WATCH seeking volunteers as patient load continues upswing
By Phyllis Moore
Published in News on December 18, 2011 1:50 AM
One of the busiest medical offices in the county is showing no signs of slowing down.
WATCH (Wayne Action Teams for Community Health) which features a clinic at the YMCA and a mobile van that traverses the county, is "swamped," its executive director, Sissy Lee-Elmore recently told its board.
"The parking lot is overrun," she said, noting that on one particularly busy day recently staff handled 73 patients.
Volunteers are a big asset for the program, she said. In its 11 years of service, the organization's volunteer hours are upwards of 13,000.
"We couldn't do it without everybody's help," Mrs. Lee-Elmore said, giving a nod to the county commission and city for lending financial support in recent years.
In September, commissioners appropriated $100,000 from contingency funds to help offset the loss of WATCH grant money.
At that meeting, Mrs. Lee-Elmore said she was making an appeal for $100,000 each from the commission and Wayne Memorial Hospital to make up for the loss of a $200,000 Duke Endowment grant. This was the first year that WATCH did not receive that funding.
The grant pays salaries for the family nurse practitioner and support staff in the stationary clinic at the Y. The hospital, she added, has historically paid her salary and benefits as well as overhead on the program, maintenance on the WATCH truck and provides many of the program's medical supplies.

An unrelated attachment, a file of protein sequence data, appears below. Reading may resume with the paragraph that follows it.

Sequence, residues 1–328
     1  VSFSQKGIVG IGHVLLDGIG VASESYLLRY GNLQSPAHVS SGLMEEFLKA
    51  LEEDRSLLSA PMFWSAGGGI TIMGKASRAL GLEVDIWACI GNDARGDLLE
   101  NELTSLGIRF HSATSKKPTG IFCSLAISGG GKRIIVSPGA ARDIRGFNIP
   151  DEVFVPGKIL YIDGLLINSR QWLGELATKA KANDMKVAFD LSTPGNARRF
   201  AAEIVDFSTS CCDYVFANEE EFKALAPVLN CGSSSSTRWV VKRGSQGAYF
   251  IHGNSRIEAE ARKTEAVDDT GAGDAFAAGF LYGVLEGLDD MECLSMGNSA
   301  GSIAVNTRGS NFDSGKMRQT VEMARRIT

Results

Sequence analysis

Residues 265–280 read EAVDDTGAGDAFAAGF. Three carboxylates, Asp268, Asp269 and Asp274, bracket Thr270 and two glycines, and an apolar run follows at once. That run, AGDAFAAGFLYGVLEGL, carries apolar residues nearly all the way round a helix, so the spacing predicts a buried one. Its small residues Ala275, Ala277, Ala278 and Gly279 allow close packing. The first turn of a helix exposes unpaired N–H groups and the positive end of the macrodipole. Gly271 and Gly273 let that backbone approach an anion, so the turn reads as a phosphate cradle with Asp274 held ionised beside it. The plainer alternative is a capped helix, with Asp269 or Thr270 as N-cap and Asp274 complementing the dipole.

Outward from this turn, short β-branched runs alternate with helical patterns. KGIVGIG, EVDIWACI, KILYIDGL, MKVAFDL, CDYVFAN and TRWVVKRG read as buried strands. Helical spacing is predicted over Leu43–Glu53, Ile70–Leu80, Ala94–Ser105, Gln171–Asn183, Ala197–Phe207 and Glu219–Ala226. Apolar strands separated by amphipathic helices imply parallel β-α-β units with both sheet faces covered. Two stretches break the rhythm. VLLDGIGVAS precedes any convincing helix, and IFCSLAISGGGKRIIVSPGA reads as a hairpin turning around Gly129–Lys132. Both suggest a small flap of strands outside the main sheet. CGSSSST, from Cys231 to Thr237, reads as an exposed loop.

She told the board she intends to reapply for the Duke money in January and pursue other funding options.
This past July, the city council approved a $20,000 donation to WATCH, drawn from the previous year's allocation that had been rolled over for distribution.
At the WATCH board's year-end meeting last week, Mrs. Lee-Elmore declined comment on the funding situation.
"We'll need volunteers," she said. "But I don't want to talk about the money right now."
Board members, though, expressed appreciation for the contributions WATCH has made to the community.
"There are people (volunteers) out there who are doing it every day in the trenches, making a huge difference in the lives of (residents)," board member Harold Brashear said.
"If I go other places and they hear what I'm doing, they're just so impressed," said Kathy Johnson, nurse practitioner at the YMCA site.
Patients, too, are grateful for the service, she added, especially when they relocate and realize similar services are not as plentiful.
"Patients move away and ask, 'Isn't there something like this?' We're so lucky. I don't think we even realize how lucky we are," she said. "These people just don't have care.
"I don't know of any place that has got funding like we have for 11 years. I just wish we could have a legislator sit in a corner every day and hear these people's stories. It's edifying to hear their struggles and what they do to make ends meet."
Board member Jack Best, also a county commissioner, said, "When you sit down and think about our budget, what WATCH saves every year, it's a bargain."
The board also recognized James Roosen, chairman for the past year. Roosen, who recently retired as health director with Wayne County Health Department, had been on the board since 2004.